|Video still taken in a bunkhouse at a farm in Ontario (CTV News)|
Toronto – August 23, 2023 – UFCW Canada is demanding the Ford government take action in response to an Ontario farm owner retaliating against migrant workers who were speaking out about unacceptable housing conditions.
The union calls upon the Ford government to include all agricultural workers, both local and migrants, in the Ontario Labour Relations act, protecting their right to freedom of association.
Five Jamaican migrant workers were recently repatriated due to speaking up about unacceptable housing conditions. These workers held a one-day strike to protest the poor housing conditions provided by the employer, where sewage was spilling over into their living quarters.
Ontarians are shocked by the videos obtained by CTV News Toronto showing rows of toilets flooded to the brim, overflowing into the rest of the bunkhouse. In another video, the farm owner verbally threatened and abused the group of migrant agricultural workers.
“You guys can clean the goddamn thing out," the man yells while standing in the middle of a bunkhouse of workers.
The man can be heard telling the migrant workers that they cannot stop working in protest of the sewage spilling into their living quarters.
“If you choose not to work today, that will be a problem,” he says. “You don't pick and choose the day you want to work.”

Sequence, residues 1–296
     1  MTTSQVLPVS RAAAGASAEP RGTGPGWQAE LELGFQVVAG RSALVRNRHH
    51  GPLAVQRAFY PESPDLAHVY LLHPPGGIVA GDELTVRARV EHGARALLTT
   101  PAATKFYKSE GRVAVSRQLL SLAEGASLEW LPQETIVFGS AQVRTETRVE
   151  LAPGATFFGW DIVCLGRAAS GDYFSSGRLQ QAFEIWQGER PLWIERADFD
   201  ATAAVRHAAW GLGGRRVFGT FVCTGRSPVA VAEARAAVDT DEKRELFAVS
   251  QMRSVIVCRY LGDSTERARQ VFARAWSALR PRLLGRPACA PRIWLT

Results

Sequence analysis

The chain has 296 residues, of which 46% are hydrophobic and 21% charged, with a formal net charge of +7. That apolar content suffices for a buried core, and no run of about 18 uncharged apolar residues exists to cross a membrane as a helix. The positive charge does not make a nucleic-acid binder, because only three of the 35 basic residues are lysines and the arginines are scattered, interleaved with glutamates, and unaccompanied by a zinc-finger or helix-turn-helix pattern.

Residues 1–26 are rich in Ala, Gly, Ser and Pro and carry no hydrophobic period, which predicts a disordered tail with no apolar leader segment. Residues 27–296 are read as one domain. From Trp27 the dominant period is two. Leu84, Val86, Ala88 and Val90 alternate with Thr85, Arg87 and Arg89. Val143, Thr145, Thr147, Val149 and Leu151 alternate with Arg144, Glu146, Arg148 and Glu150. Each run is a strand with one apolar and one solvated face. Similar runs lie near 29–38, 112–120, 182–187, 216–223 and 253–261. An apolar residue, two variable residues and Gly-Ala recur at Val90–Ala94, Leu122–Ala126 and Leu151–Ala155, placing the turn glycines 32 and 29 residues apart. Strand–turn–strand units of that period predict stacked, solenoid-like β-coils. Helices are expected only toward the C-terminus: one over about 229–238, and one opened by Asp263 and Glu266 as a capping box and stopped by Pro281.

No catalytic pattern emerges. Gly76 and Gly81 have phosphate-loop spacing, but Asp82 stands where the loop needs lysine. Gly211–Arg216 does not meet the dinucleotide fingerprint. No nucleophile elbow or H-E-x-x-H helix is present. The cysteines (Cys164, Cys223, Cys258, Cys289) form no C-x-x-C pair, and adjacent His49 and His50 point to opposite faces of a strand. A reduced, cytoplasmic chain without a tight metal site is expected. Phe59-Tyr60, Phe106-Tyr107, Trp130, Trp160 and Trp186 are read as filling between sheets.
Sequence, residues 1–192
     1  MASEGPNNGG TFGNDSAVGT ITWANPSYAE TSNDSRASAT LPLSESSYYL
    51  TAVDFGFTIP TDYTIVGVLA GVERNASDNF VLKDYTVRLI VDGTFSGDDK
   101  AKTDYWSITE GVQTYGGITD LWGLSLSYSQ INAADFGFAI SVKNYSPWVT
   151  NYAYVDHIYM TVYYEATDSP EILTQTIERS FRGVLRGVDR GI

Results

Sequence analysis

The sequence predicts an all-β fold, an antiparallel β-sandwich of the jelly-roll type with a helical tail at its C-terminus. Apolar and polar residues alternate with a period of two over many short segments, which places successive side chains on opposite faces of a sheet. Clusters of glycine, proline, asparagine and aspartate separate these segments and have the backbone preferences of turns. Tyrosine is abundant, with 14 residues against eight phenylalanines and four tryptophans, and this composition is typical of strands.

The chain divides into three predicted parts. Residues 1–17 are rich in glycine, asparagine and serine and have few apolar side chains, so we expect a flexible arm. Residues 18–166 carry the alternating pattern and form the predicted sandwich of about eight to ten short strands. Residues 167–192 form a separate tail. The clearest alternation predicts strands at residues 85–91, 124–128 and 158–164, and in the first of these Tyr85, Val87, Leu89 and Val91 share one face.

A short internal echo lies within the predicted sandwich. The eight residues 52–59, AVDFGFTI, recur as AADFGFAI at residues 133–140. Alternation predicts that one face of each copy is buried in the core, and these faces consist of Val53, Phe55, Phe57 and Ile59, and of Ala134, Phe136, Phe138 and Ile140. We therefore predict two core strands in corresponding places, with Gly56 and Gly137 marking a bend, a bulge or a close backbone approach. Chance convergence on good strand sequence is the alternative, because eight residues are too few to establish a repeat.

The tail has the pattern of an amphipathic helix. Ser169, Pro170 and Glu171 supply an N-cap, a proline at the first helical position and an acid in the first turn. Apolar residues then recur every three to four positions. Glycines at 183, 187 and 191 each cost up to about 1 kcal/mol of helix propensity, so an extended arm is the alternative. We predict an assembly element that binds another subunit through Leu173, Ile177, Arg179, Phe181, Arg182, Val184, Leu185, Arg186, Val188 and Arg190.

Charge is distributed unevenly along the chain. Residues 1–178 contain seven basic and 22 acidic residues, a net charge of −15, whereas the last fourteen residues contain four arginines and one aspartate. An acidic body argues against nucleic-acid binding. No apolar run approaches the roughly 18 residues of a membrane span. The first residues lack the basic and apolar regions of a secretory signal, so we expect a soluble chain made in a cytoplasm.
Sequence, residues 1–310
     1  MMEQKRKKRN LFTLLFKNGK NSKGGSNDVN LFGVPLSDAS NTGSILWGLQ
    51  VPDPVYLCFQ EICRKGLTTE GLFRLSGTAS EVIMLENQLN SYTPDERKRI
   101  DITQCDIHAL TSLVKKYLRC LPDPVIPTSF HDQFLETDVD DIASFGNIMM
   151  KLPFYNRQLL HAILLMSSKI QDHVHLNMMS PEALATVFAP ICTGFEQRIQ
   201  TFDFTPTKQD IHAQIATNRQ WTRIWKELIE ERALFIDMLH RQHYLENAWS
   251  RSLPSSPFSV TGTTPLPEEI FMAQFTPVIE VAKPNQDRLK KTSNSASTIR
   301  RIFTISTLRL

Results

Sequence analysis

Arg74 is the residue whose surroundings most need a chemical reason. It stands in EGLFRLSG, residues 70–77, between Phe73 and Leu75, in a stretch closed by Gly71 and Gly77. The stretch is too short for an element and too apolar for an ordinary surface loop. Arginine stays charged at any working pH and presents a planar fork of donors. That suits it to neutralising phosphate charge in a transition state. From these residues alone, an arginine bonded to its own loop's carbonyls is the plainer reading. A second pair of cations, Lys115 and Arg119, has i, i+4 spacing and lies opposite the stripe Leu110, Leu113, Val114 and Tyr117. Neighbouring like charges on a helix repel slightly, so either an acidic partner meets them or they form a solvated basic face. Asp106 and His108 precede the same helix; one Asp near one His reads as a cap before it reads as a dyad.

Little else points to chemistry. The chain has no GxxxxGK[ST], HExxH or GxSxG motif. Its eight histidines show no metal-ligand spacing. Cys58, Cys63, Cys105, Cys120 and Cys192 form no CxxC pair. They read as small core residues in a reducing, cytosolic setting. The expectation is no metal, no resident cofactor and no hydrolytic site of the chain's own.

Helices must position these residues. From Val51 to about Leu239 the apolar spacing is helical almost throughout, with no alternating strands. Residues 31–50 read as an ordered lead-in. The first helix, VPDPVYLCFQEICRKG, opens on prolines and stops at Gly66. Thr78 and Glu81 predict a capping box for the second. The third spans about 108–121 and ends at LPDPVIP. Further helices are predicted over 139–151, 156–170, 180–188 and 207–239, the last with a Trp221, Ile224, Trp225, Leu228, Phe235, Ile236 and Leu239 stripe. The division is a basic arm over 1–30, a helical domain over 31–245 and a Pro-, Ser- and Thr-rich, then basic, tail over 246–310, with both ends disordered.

In response to the one-day strike, the farm owner repatriated the workers to Jamaica, where the Jamaican government is now investigating the incident.
“They were standing up for us,” a Jamaican worker still on the farm told CTV News Toronto.
Under current Ontario legislation, the workers are lacking in mechanism to protect their rights. “If these workers were unionized, they would have been able to exercise their right to strike,” says Santiago Escobar, National Representative at UFCW Canada. “The current legislation, the Agricultural Employees Protection Act, bans local and migrant agricultural workers from being able to access the same fundamental labour rights as everyone else – despite being one of the most vulnerable worker populations in the country.”
In 2010, the UN’s International Labour Organization (ILO) ruled that Canada and Ontario, through Ontario’s ban on farm unions, violated the human rights of the more than 100,000 migrant and domestic agriculture workers in the province. In 2017, the Government of Canada finally ratified core ILO convention 98 on the Right to Organise and Collective Bargaining Convention, which has been on the books as a core convention since 1949. Despite this, the federal government has done nothing to call out Ontario’s continued denial of fundamental labour rights to agricultural workers.
“Workers are left without a mechanism to protect themselves against the intolerable power imbalance in the heart of Canada’s food production system,” says Escobar. “If the Ford government were serious about tackling the shameful treatment of migrant workers in Ontario, it would immediately provide agricultural workers equal access to the Ontario Labour Relations Act.”
In addition, UFCW Canada calls on the Federal Government to establish a federal tribunal to allow for the review and appeal of repatriation decisions in advance of temporary foreign workers being sent home by employers and make unionization mandatory to protect the well-being of migrant workers.